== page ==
Olson v. Cass County Electric Co-Operative, Inc.

Annotate this Case

94 N.W.2d 506 (1959)

Russell OLSON, Plaintiff and Respondent, v. CASS COUNTY ELECTRIC CO-OPERATIVE, INC., Defendant and Appellant.

No. 7770.

Supreme Court of North Dakota.

January 28, 1959.

*508 Johnson & Milloy, Wahpeton, for plaintiff and respondent.

Wattam, Vogel, Vogel, Bright & Peterson, Fargo, for defendant and appellant.

MORRIS, Judge.

The plaintiff brought this action to recover damages for personal injuries he received when the wires of an electric power line bearing 7,200 volts of electricity fell on a farm machine that he was operating under the power line on July 24, 1957. He alleges that this line, which was owned and operated by the defendant, was maintained in a negligent manner with the result that one of the poles broke causing live wires to fall and injure the plaintiff.

The defendant denies that it was negligent and alleges that plaintiff's own carelessness, negligence and want of ordinary care caused or contributed proximately to cause the plaintiff's injuries.

The case was tried before a judge and jury. After a motion by the defendant for a directed verdict had been denied a verdict was rendered for the plaintiff. The defendant made a motion for judgment notwithstanding the verdict which was also denied. The defendant appeals from the judgment and from the order denying its motion for judgment notwithstanding the verdict.

The defendant's transmission line ran along the east edge of a section line roadway right of way. The direction of both the road and the line was north and south. The land on which the accident occurred was owned by Thea Paulson who had given the defendant a right of way easement for the construction of its line. The line was built in 1940 and in 1955 was moved 12 feet to the east to permit a widening of the road along the Paulson farm. The road improvement did not extend farther north than the Paulson farm and the poles beyond it had not been moved with the result that the line no longer ran straight. A 12 foot offset was created which necessitated the installation of guy wires on some poles.

*509 At the time of the accident the Paulson farm was being operated by Erwin Johnson. The plaintiff had farmed in the neighborhood since 1941 and for some time had followed the practice of exchanging farm work with Johnson. On the evening of July 24, 1957 between 6 and 7 o'clock the plaintiff was cutting a swath around a field of wheat with a 14 foot self-propelled swather. Grain had been planted around the guy wires and up to the poles. He had traversed the south side of the field from east to west and turned north on the west side of the field along which ran the defendant's transmission line. He came to a pole and guy wire. He drove his machine under the guy wire and continued on north. He came to a second pole and guy wire and attempted to again drive his machine between the pole and guy wire but found that the reel on his swather would not pass under the wire. He noticed that the wire was slack. It was anchored in the ground some 18 or 20 feet straight east of the pole.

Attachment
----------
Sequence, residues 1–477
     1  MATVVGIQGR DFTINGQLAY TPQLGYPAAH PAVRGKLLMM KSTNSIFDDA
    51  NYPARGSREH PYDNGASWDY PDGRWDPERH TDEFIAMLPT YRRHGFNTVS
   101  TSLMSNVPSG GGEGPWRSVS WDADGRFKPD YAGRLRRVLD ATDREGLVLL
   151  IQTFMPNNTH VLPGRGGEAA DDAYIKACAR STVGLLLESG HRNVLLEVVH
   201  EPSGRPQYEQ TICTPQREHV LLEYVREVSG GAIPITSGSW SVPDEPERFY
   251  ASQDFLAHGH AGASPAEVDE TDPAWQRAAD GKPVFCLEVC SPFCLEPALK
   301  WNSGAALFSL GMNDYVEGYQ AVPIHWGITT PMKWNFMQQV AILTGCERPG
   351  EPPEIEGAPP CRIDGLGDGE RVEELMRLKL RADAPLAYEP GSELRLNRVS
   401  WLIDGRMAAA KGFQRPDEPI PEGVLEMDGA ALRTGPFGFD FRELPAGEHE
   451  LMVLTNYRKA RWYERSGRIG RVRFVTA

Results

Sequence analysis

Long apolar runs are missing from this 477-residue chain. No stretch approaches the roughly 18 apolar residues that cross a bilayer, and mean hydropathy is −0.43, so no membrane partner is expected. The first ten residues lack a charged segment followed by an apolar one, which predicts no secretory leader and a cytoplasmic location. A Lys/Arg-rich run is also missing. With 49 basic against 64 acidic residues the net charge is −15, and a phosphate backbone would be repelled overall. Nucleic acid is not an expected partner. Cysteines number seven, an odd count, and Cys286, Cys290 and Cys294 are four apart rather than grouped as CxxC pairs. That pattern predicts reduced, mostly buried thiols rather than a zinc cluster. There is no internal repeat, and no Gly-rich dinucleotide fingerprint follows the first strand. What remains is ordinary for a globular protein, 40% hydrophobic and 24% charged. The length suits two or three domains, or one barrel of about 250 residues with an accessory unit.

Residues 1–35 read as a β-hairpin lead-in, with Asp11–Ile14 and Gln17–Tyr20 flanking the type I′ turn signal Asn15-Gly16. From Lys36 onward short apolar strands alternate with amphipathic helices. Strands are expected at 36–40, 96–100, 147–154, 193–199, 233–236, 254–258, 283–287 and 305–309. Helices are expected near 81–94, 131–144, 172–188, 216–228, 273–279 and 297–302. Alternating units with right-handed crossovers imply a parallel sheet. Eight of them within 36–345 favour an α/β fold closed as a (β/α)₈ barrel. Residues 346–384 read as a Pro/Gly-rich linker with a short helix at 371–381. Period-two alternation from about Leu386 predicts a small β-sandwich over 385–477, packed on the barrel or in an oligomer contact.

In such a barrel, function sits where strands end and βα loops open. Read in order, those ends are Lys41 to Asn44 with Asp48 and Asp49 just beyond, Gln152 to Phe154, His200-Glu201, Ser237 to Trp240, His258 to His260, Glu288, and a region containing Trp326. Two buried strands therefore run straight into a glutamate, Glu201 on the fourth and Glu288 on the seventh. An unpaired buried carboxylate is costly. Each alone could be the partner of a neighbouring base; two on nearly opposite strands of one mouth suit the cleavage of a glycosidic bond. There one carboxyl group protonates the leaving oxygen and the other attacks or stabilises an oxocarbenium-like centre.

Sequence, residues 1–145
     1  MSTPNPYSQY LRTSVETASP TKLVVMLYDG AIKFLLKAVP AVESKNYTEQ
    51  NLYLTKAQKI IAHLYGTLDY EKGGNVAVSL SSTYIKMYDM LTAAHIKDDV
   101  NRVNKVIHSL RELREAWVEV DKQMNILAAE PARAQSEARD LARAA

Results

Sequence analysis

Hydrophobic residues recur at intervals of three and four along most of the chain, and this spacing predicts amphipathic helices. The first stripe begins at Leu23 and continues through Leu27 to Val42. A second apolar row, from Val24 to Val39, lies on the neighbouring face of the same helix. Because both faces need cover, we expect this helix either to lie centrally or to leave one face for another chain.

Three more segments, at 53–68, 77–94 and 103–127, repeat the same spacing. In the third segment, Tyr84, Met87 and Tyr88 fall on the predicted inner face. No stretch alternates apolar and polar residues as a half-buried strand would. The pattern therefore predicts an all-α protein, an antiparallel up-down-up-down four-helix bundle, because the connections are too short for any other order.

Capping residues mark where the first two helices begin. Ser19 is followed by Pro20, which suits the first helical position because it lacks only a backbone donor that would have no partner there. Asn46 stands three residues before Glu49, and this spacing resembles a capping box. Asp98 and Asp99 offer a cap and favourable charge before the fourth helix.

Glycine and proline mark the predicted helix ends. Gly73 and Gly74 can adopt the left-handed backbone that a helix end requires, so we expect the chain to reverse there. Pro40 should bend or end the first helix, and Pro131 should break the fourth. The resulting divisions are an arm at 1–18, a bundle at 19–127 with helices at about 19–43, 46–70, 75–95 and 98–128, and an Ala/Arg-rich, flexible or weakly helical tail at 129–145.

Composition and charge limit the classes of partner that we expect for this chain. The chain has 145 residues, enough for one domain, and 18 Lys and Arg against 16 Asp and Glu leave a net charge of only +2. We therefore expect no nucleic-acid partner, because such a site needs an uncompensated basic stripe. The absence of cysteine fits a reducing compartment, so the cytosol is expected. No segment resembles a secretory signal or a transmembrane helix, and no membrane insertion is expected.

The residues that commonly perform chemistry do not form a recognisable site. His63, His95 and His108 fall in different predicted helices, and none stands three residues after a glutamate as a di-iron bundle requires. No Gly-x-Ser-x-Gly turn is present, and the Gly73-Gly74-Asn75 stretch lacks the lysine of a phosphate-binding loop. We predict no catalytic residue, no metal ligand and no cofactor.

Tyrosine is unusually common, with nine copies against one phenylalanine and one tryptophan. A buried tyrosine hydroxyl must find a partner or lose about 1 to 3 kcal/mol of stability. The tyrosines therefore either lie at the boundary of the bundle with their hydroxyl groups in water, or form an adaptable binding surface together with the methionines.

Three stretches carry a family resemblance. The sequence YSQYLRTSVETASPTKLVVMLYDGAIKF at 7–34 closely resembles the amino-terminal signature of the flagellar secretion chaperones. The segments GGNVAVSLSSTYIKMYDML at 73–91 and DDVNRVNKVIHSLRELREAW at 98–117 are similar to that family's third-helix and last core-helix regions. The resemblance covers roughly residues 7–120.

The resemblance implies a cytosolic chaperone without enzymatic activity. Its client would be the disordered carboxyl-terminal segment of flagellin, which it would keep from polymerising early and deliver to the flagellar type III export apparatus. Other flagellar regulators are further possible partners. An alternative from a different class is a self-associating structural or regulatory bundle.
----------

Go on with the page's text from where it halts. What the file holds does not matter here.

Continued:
The swather was mounted on three wheels. There were two larger wheels, one at each end. These wheels, powered by a 14 horsepower motor, were operated through separate clutches and could be separately rotated in either direction with the result that each end of the swather could be moved forward or backward. Thus the guidance and maneuverability of the swather depended entirely upon the two end wheels. The operator of the machine was seated at the extreme left end over the iron frame immediately back of the reel. When operating the machine the left wheel would be below his left hand. The frame of the swather extended in a scalene triangle to the rear of the operator and attached to the vertex of that extension some three or four feet to the right and some distance to the rear of the left front wheel was the third wheel. This wheel only gave weight bearing stability to the swather. It was free running and attached to the frame by a free swinging pivoted housing. There was no steering or power apparatus attached to it. It merely followed the direction set by the two front wheels.

After the plaintiff had driven his swather up to the pole and ascertained that he could not continue because of the guy wire he backed up the left end of the swather about six feet, then backed the right end around using the left wheel as a pivot. He then drove forward, that is to the east, and turned to the left around the guy wire. He missed the guy wire with the left front wheel. The wheat was seeded right up to the wire and he followed it around until he faced west. Then he turned to the north again. During this last maneuver the third wheel somehow came in contact with the guy wire. He did not see it strike the wire. He felt a bump, heard a crack as the pole broke. The transmission wires came down on the plaintiff and he was severely shocked and burned. After receiving two shocks while on the machine he was finally able to get off and get away. The swather continued north for a short distance and stalled in the roadway ditch. It was raining slightly at the time and after the plaintiff reached the ground he received three more shocks from electricity that pervaded the surrounding area. The plaintiff knew that the pole supported a high tension electric line.